Do you remember that one crossover game that Disney and id Software released years back called “Doom Versus Tron” ? No? Well, that’s because they never made it. You probably wish they had, which is good as NVYVE Studios made HYPERGUN, which is essentially the same thing. Get ready for a rogue-lite that plays a lot like an arena shooter of yore with semi-randomly generated rooms added to help keep things ever changing and ever unique to the run. Things get pushed to further randomness with a multitude of weapon attachments that run the gamut from the typical to downright bizarre.
Even better, there’s a story attempting to tie everything together. As an intern, you find yourself at the laboratory on the weekend. Your duty is to do research but you’re also free to explore offices and read computer files and Post-it notes strewn throughout the spaces, which adds a lot to the world-building as well as the charm of it all.
Unfortunately, you can’t hang out in the office all day long as you must go into “the simulation” in order to find the perfect “HYPERGUN” to save the world. Sure, it’s a flimsy setup, but the game knows you don’t really care about that. Instead, it wants you to just enjoy the dripping neon colors, the thumping beats, and the non-stop pew-pew gunplay action.
Each time you hop into the simulation, the maps are semi-randomly generated in the same way that modular board games are. Each room is basically a tile and the game randomly generates which of its doors are open (green) and which are closed (red). Each room is a snippet of a multiplayer map for an arena shooter and you need to destroy all the enemies to open the next door before they destroy you. All these rooms are stitched together – randomly – to give you a full layout of the level, with a boss right at the end.
Having already played the pre-release build, I have to admit as soon as I entered the simulation the game nearly fell apart for me. The aesthetic was still there and everything seemed intact, but there were a few elements that immediately soured the experience. Something just didn’t feel solid quite yet. More than anything, progression was at a snail’s pace, if not slower.
The full release, however, fixes much of this and changed my perception of the game’s quality on the whole. In the preview, Hypercoins, the game’s Meta Store currency, seemed to drop at a glacial speed. The grind to unlock anything felt as if it would take far too long to feel any sense of progression. The drop-rate appears to have been increased following the update, which makes it easier and a lot more fun to experiment with different classes, weapons and perks.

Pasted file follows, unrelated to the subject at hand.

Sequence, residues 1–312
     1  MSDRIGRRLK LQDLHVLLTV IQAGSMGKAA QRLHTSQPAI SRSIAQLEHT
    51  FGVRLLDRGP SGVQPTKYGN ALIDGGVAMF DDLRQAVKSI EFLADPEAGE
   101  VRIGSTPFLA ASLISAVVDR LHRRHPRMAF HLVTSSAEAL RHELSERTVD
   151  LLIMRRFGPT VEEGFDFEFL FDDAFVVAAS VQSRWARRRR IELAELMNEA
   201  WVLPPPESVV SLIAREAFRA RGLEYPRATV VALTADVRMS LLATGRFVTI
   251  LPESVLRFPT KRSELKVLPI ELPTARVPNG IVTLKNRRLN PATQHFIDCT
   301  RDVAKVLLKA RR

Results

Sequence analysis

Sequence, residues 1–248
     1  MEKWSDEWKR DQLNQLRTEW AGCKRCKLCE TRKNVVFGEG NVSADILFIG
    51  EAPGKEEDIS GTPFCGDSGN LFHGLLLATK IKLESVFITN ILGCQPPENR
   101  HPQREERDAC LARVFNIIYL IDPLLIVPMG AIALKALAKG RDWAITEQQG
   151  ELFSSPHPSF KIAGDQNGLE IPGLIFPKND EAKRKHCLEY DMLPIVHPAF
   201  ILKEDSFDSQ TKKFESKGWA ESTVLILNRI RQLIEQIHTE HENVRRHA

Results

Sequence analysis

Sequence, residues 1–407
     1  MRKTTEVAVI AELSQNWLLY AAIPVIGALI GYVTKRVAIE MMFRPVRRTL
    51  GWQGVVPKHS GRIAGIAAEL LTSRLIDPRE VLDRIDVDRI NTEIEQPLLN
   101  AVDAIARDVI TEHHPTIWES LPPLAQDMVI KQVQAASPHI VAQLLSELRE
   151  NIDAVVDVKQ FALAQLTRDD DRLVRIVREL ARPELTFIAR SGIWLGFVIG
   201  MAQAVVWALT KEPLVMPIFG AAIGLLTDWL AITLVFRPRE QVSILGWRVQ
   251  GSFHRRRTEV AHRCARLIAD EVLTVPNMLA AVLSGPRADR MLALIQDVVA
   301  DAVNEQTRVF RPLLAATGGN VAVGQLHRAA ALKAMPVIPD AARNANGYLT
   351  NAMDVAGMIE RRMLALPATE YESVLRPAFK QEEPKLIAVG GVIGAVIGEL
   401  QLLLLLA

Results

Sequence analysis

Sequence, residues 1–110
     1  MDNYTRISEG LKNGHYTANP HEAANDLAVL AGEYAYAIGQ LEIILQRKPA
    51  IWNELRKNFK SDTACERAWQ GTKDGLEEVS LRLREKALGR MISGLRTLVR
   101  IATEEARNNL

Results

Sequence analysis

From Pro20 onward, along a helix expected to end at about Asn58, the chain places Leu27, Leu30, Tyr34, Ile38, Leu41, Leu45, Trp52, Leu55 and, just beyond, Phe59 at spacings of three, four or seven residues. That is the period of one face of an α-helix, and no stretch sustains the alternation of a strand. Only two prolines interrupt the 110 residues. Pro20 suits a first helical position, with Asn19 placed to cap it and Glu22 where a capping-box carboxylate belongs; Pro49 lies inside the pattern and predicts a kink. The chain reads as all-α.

The ability to upgrade your character at this pace adds significantly to the “just one more” trap that other rogue-lites such as Rogue Legacy and Dead Cells do so perfectly well. One more run might get you that much closer to that one tantalizing upgrade you’ve been craving! Of course, this only adds to the addictive nature of the game, which in turn leads to just one more round to eat up your precious time.
The guns themselves are the main feature here and, I’m sad to say, the guns just aren’t as intoxicating as one would hope. While they can be insane and have some very unique properties, they are still a bit samey. There are many types of attachments but other than some fairly standard accuracy/health/fire rate/damage, they don’t do much. With a crutch stock, espresso machine barrel, silly puddy ammo it’s easy to see they’ve definitely hit a sweet spot of goofy and impractical when it comes to the attachments.
Unlike this year’s Mothergunship by Grip Digital and Terrible Posture Games, the available weapons here aren’t nearly as customizable as you’d like them to be. Instead, when you start a run, you’re basically just add random modules you’ll find in the map to make a single gun with all these attachments adding/taking away from the original stats on your weapon. So by the end you’ll have a gun that’s got a dozen mods on it, yet still feeling largely the same.
When upgrading classes you’re also changing what base of gun you’ll be working with. The intern starts with an SMG, then there’s a Rifle, Shotgun and Sniper class. These class changes do add some variables to the combat and ask that you adjust your play style accordingly, which can be refreshing after spending a chunk of time with a different base.
Even with a powerful gun, the enemies are bullet sponges but can still inflict massive amounts of damage. The trade-off is you just running around, strafing like crazy person and bunnyhopping like a crazy, well, bunny – especially when attempting to avoid the ever annoying sniper enemies whose red laser sight you always seem to be running away from. There’s even boss battles to help break up the randomness, though these encounters feel entirely different as they don’t inflict as much damage yet have much higher HP counters to chip away at. You’ll basically just dodge and shoot your way to victory, emptying clip after clip until the job is done.
Word of advice: the pulsing, pounding music and gunfire can get to you after long sessions, even if you love the techno throb of EDM and electronica. You might want to give your ears a break with some Simon & Garfunkel, podcasts, or even a collection of babbling brook sounds. Perhaps all at once?
All this aside, the gameplay and addictive undertones really help make HYPERGUN worth checking out. It’s neon-styled visuals and pulsating soundtrack may not be everyone’s cup of tea, but they certainly match the twitchy gameplay you’d expect an old-school arena shooter to have in the current era. I plan on keeping this one installed and ready, just in case I get the urge to jump back in and wreck a little disco havoc for a spell, all the while feeling like I’m making some kind of process.